Megan Wolfe: A kinder society, yes, but we need justice, too

More civility and kindness is necessary, but true kindness can’t ignore injustice and oppression.

Megan Wolfe is executive director of Girls on the Run of Snohomish County. (Girls on the Run of Snohomish County)

Megan Wolfe is executive director of Girls on the Run of Snohomish County. (Girls on the Run of Snohomish County)

By Megan Wolfe / Herald Forum

Lately I’ve seen a lot of calls for a return to civility and kindness locally and nationally.

I agree that living in a kinder, more civil community would be wonderful, but I believe there is a big difference in what people mean when they say they want the world to be a kinder place. From what I’ve seen, many of those calling for kindness in our society are actually wanting a return to a time when their bigotry and prejudice went unquestioned or unchallenged. They want a return to a system of quiet acceptance of discrimination and hate.

I’d love for us to live in a kinder society. A society that puts people’s needs first and foremost. A society that sees people being oppressed and stands up and says “this cannot continue.” The most kind leaders I see in our community are actively fighting for a more just world.

Kindness is standing up for others, standing up against oppression and the oppressors, standing up for what is right, standing up for other people’s humanity. Kindness means that we are fighting for people from all walks of life to have access to housing, food, health care, and support. A kinder society would have less hate being spewed by leaders and neighbors and would be focused on how to solve problems instead of winning power.

The kindness I want to see in Snohomish County is leaders who get loud about the systems of oppression that hold us all back. I want to see my friends and neighbors speaking up about hate and discrimination in our community.

I believe a truly kind community would be working hard to make sure every member of the community has housing and food, that mental health crises are handled with compassion and empathy, that all our schools are top notch no matter what neighborhood they are in. A kinder society would never put up with blatant or subtle racism, homophobia, transphobia or misogyny.

A kinder society would be a wonderful place to live and it will take all of us to get there. So get loud about injustice and start spreading kindness by standing up to bigotry and hatred in our society.

Megan Wolfe is executive director for Girls on the Run, Snohomish County, which offers programs for girls in third- through eighth-grade.

Talk to us

More in Opinion

An artist's rendering shows features planned for the first floor of an expansion of the Imagine Children's Museum. The area will include a representation of the old bicycle tree in Snohomish and an outdoorsy Camp Imagine. (Imagine Children's Museum)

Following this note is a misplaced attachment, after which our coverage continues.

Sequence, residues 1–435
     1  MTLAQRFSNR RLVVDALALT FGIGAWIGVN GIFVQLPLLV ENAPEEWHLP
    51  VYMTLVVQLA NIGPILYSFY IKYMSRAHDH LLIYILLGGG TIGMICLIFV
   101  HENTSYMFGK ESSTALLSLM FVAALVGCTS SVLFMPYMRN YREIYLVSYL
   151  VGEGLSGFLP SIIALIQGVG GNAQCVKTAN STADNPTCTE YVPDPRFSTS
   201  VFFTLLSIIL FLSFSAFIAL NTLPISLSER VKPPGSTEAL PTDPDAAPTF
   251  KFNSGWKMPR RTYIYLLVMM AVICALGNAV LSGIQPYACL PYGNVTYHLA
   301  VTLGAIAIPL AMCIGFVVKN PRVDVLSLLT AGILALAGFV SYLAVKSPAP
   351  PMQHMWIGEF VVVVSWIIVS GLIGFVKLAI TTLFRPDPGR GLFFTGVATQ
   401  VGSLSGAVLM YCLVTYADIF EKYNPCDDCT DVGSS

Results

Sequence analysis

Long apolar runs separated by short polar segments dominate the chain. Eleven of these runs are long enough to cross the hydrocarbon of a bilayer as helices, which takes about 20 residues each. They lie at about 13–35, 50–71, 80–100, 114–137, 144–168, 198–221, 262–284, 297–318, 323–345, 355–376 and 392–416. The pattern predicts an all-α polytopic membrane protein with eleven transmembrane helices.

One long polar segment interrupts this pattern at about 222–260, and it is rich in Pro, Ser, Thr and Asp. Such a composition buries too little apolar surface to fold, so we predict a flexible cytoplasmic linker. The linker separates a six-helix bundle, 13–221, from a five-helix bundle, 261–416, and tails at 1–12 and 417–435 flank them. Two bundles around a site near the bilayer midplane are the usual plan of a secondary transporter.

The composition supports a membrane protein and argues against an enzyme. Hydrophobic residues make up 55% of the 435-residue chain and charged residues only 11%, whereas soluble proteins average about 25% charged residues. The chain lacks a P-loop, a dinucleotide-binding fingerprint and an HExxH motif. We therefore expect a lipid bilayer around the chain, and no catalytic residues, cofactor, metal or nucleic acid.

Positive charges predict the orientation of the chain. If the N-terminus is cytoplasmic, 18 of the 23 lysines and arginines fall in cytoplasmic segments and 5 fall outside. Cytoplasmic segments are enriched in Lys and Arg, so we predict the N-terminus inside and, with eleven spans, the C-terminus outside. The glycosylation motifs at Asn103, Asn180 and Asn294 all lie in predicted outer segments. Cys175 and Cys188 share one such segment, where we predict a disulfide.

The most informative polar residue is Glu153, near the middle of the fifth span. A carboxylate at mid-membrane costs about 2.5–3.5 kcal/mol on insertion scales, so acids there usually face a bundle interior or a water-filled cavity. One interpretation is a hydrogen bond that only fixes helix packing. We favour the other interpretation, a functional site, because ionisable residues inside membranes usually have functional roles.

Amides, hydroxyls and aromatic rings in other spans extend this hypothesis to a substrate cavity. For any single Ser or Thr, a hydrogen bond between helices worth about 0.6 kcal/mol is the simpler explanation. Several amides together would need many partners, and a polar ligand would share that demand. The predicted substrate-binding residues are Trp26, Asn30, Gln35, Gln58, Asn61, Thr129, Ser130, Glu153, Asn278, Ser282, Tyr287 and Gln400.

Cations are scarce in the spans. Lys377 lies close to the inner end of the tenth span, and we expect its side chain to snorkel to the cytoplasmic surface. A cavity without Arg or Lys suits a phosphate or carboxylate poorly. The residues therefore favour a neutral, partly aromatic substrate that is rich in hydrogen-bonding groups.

Editorial: GivingTuesday offers chance to build better future

Organizations, such as Imagine Children’s Museum, need our support as we look past the pandemic.

Editorial cartoons for Tuesday, Nov. 30

A sketchy look at the news of the day.… Continue reading

School-age lead Emilee Swenson pulls kids around in a wagon at Tomorrow’s Hope child care center on Tuesday, Sept. 7, 2021 in Everett, Washington. A shortage of child care workers prompted HopeWorks, a nonprofit, to expand its job training programs. Typically, the programs help people with little or no work experience find a job. The new job training program is for people interested in becoming child care workers. (Andy Bronson / The Herald)
Editorial: Everett must make most of pandemic windfall

Using federal funds, the mayor’s office has outlined $20.7M in projects to address covid’s impacts.

Editorial: Small Business Saturday a focus for local economy

Shopping locally supports your community’s businesses and employees and offers extraordinary gifts.

A man crosses the road under stoplights at Casino Road and Evergreen Way on Friday, Dec. 13, 2019 in Everett, Wash. The lights at Casino Road and Evergreen Way are being considered for controversial red-light traffic cameras. (Andy Bronson / The Herald)
Editorial: Train red-light cameras on problem intersections

The cameras, planned for seven Everett locations, should help prevent costly and deadly accidents.

Comment: Omicron met quickly with transparency and caution

Countries reacted quickly. The best advice now is to keep calm and continue vaccination efforts.

Harrop: There is a fix for stupid, at least concerning covid

How much sympathy are we to muster for those who die after campaigning against covid vaccines?

Comment: Biden learned from Carter’s mistakes on gas prices

Carter’s tough-love scolding wasn’t wrong on policy, but it lacked empathy for average Americans.

Comment: Keep history’s racist accounts, but not as only source

Removing the stories told by white men would whitewash history, but context must be provided.

Most Read